Magnesium and Nervous System
Magnesium is also critical to the function of the nervous system. Nerves are activated when calcium flows in. Magnesium blocks the flow of calcium and keeps nerves in a more relaxed state. This effect is noticeable both in terms of emotional state and in terms of blood pressure, a deficiency of magnesium often tied to high blood pressure.
What Happens When We Don't Get Enough Magnesium?
Nearly 70% of the population of the United States is magnesium deficient. It's no wonder that nearly 200 million Americans suffer high blood pressure, insomnia, anxiety, and chronic fatigue. And deficiencies of magnesium have also been linked to increased rates of allergies, aneurysms, asthma, attention deficit syndrome, both calcification of muscle tissue and osteoporosis, fibromyalgia, hearing loss, migraines, menstrual cramps, muscle cramps, and temperomandibular joint (TMJ) syndrome. There will be more about how to use magnesium to support recovery from these conditions a little later in this article.
What Foods Do We Need for Magnesium?
One of the most important tasks for magnesium in nature is enabling plants to use chlorophyll to make carbohydrates and release oxygen when they are exposed to sunlight. All leafy greens are rich in magnesium. Nuts, seeds, and whole grains, however, are even better for getting your magnesium because they concentrate the mineral for the growing seedling.
Here are some great sources of magnesium for your daily diet:
- A 3-1/2 ounce (100 gram) serving of rice bran contains 781 mg of magnesium.
- A 3-1/2 ounce (100 gram) serving of dried seaweed contains 770 mg of magnesium.
- A 3-1/2 ounce (100 gram) serving of wheat bran contains 611 mg of magnesium.
- A 3-1/2 ounce (100 gram) serving of raw pumpkin seeds contains 535 mg of magnesium.
- A 3-1/2 ounce (100 gram) serving of roasted pumpkin seeds contains 534 mg of magnesium. Roasting does not reduce mineral content.
- A 3-1/2 ounce (100 gram) serving of ground flaxseed contains 392 mg of magnesium. Whole flaxseeds are not completely digested and do not release their nutritional content.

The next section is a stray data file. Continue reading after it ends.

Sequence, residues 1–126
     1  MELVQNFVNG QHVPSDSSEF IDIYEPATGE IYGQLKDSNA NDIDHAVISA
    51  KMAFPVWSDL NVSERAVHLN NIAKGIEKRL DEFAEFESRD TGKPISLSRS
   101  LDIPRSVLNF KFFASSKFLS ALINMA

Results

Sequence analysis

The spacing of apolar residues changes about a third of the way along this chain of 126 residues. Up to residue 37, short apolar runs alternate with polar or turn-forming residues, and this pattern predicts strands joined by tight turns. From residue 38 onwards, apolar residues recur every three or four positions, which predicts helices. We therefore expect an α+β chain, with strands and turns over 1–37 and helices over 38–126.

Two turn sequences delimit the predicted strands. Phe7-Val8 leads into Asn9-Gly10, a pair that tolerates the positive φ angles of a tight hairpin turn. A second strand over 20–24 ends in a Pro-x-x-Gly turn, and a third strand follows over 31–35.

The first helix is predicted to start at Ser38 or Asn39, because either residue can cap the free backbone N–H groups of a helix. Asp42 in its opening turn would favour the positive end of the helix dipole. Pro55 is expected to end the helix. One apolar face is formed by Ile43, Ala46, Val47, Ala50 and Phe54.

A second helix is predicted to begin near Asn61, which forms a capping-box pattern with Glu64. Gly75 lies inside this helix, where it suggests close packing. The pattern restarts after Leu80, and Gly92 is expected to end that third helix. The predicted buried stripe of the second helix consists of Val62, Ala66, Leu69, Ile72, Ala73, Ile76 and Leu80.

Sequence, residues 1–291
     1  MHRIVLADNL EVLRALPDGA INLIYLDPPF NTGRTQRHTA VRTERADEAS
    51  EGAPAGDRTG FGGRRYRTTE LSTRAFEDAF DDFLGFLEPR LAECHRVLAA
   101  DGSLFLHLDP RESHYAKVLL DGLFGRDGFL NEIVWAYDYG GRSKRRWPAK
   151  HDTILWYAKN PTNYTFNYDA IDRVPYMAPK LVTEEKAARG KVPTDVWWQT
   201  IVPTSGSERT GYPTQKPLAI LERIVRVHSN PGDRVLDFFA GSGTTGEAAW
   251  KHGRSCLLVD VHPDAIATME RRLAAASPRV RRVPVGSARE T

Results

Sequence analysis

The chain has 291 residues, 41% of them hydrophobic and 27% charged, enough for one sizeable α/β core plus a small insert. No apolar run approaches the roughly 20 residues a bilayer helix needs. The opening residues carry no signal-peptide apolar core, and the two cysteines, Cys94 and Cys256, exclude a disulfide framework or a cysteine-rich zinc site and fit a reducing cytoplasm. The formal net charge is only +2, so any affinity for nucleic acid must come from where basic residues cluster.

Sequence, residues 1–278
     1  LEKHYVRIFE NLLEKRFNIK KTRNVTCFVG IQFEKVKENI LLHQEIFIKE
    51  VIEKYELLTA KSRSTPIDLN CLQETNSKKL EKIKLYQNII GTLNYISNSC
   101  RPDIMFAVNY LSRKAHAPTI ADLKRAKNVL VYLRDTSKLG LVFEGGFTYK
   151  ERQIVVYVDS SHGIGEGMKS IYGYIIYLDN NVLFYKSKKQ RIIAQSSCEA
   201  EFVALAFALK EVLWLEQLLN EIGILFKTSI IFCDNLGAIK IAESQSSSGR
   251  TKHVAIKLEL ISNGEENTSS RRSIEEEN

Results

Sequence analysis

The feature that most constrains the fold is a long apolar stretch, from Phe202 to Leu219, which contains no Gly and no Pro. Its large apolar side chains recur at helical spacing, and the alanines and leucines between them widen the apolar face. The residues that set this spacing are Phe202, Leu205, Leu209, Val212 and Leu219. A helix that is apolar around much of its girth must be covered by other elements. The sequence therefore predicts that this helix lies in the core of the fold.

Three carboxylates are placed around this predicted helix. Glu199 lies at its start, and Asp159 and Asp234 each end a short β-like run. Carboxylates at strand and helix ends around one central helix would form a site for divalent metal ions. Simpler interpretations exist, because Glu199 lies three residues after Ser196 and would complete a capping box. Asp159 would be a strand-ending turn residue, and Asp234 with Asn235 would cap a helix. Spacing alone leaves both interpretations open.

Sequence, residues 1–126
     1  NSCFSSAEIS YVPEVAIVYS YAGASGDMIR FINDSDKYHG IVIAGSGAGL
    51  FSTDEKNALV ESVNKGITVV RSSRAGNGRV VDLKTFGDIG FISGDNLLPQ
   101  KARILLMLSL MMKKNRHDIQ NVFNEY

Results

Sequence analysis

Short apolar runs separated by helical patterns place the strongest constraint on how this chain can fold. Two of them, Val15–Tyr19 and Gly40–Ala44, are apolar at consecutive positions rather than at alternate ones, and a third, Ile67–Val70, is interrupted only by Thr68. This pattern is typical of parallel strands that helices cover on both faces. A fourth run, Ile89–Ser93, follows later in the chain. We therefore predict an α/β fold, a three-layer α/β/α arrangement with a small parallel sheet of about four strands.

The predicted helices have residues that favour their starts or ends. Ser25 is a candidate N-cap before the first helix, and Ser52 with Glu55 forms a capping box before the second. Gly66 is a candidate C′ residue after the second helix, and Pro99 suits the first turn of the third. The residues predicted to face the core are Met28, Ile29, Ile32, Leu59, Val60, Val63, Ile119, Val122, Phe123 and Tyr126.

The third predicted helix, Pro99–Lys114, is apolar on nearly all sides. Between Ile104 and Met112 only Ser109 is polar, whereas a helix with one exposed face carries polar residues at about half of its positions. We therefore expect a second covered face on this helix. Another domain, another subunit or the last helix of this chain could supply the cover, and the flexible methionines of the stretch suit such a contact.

- A 3-1/2 ounce (100 gram) serving of peanut butter contains 355 mg of magnesium.
- A 3-1/2 ounce (100 gram) serving of blackeyed peas (cowpeas) contains 333 mg of magnesium.
- A 3-1/2 ounce (100 gram) serving of almond butter contains 303 mg of magnesium.
- A 3-1/2 ounce (100 gram) serving of edamame (whole soybeans) contains 280 mg of magnesium.
- A 3-1/2 ounce (100 gram) serving of roasted almonds contains 274 mg of magnesium.
- A 3-1/2 ounce (100 gram) serving of raw almonds, buckwheat, dark rye flour, lima beans, white beans,sesame-crunch candy, pine nuts, cooked mollusks, or quinoa contains 200 to 250 mg of magnesium.
- A 3-1/2 ounce (100 gram) serving of sun-dried tomatoes contains 194 mg of magnesium.
- A 3-1/2 ounce (100 gram) serving of raw or roasted peanuts contains 188 mg of magnesium.
- A 3-1/2 ounce (100 gram) serving of spirulina contains 184 mg of magnesium.
- A 3-1/2 ounce (100 gram) serving of Marmite yeast spread contains 180 mg of magnesium.
- A 3-1/2 ounce (100 gram) serving of raw Irish sea weed contains 144 mg of magnesium.
- A 3-1/2 ounce (100 gram) serving of instant mashed potatoes contains 98 mg of magnesium.
- A 3-1/2 ounce (100 gram) serving of boiled fresh spinach or Swiss chard (silverbeet) contains 88 mg of magnesium.